Have you stopped to consider how your habits and hurts bring so much pain to your life? Much of the pain caused by these two success robbers are subconscious and psychological. Some pain caused by your hurts and habits can be affecting other members of your sphere of influence!
Often you take the attitude, “It’s my life. I’m hurting no one else. The rest can just go to hell as far as I’m concerned!”
What about your:
Your children are directly affected by your habits and hurts especially if these are chemical by nature.
- money you spend causes a deficit budget
- time you aren’t really there for them
- they monitor your actions
- the children compete for your love
- can put their lives in danger
All habits and hobbies are expensive. The toys we own and using them costs time, too. Your time spent playing racquetball, bowling or other sports is time away from your family. The exercise and fun are great, but your children are missing out on a major part of your life. Are your habits worth it?
Children Think You Don’t Care
When you spend your time down at the bar or partying most of the night, your children think you don’t care for them. They think that there is competition for your love. Often, your children will act out in school or in the neighborhood or at home in an effort to get the attention they want from you. They feel that they are competing for your love and time.
Your habits and hurts cause much tension among your family members and friends. They never know which mom or dad is or is not coming home to them. One night dad comes home right after work. He eats dinner with the kids. He helps with homework. He gets them ready for bed. The next night(s) he isn’t seen. The kids wonder where he is. They compute his absences as a lack of love for them.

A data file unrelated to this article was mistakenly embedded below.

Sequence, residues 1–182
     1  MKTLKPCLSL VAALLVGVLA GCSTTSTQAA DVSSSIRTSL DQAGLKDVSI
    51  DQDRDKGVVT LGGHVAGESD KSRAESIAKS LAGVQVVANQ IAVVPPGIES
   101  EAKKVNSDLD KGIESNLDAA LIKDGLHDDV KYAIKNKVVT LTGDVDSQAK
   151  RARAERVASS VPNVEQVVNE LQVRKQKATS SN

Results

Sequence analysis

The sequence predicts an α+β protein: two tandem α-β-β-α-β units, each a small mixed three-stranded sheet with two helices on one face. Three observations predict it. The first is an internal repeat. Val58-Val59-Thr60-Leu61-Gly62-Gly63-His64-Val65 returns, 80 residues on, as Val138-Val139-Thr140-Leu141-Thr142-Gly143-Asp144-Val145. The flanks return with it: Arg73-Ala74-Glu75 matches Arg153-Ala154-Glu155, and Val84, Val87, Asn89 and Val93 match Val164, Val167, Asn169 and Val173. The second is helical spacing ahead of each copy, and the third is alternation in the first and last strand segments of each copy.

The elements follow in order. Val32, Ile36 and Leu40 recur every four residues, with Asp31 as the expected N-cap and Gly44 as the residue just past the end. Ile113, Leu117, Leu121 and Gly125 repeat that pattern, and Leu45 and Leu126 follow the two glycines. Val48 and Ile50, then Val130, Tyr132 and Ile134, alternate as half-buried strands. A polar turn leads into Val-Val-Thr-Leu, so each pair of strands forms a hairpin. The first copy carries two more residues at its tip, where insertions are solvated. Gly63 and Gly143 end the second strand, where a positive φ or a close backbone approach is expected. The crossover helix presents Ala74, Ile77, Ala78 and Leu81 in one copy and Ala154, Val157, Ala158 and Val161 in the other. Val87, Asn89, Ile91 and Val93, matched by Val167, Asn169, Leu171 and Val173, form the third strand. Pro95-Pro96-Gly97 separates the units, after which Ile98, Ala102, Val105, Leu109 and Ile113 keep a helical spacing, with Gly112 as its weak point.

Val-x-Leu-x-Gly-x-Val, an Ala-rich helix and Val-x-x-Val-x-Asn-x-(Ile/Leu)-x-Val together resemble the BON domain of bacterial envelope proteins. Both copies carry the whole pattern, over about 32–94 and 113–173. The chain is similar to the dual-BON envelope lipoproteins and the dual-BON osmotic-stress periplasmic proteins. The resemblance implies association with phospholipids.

Mom then has to explain! First, it isn’t fair to her. Second, the kids soon learn that she is covering up for dads habits. Yes, they know where dad is and what he is doing. They hear you and mom arguing about your absence, and once again, they think it is their fault.
Children Feel They Are to Blame
Every teenager that I have talked with over the years think that they caused the problems in their families. Even though they have had nothing to do with the parents habits and hurts, they still feel responsible. That’s a heavy weight for them to carry.
They say things such as, “If I didn’t get into trouble so much, dad would be home all the time.” Or, “It’s my fault that mom has to work two jobs.”
Your Habit or Hurt Is Primary
Your habits and hurts are your top priority. Noting can stand in the way of them. Your career, your children or your spouse can compete for the attention you give to your habits and hurts. Alcohol or drugs take lots of time.
- you have to locate the substance
- if it is illegal, you run the risk of getting caught
- you will participate before anything else in your life
- you might say to your spouse, “I don’t care, I’m going to do _____________
Regardless of the habit or hurt, it consumes you! You spend most of your waking moments doing, thinking about, planning you means or hiding from both of these culprits that have gained power in your life.
Your Career Is Affected
You didn’t get the promotion of which you knew you were more than qualified. You think it is because the one who did land the job was always sucking up to the boss. You can’t pinpoint the reasons why you weren’t selected, and you never blame your habit or hurt for keeping you back. It’s always someone or something else not your habit or hurt. You are killing your dreams and won’t admit it!
How Do I Quit
Subconsciously, and usually after you have completed your habit, you ask yourself, “How do I quit?”
Often, you may cry yourself to sleep because you want out so badly. You don’t tell anyone else about these thoughts. You don’t want anyone to know you are hurt, miserable and making huge mistakes with your habits.
Quitting some habits is easy. You simply walk away. You realize that you are spending far too much time bowling, racquetball or some other sport. So you quit!
However, walking away from a chemical problem is different. Your habit has become your lover, and she doesn’t want to let you go. She has a hold on you that is so difficult to break loose of.
How do you quit?
- You must make a quality decision
- Then you need help
- You need a support person or team
- You must stay strong
- You have to get away from the old gang
- It takes a major change in attitude
Another way to quit is to get involved in a recovery program. A program that you spend six-months to a year in. However, if you can’t afford to miss work or pay the entry fee, we offer an online course called Choosing Recovery that can help you deal with your habits, mistakes, miseries and bad memories. ==> For Your Recovery Go here to get your free, online course.
Let me know if there is anything else you want to know or if you have questions. I’ll get back with you soon.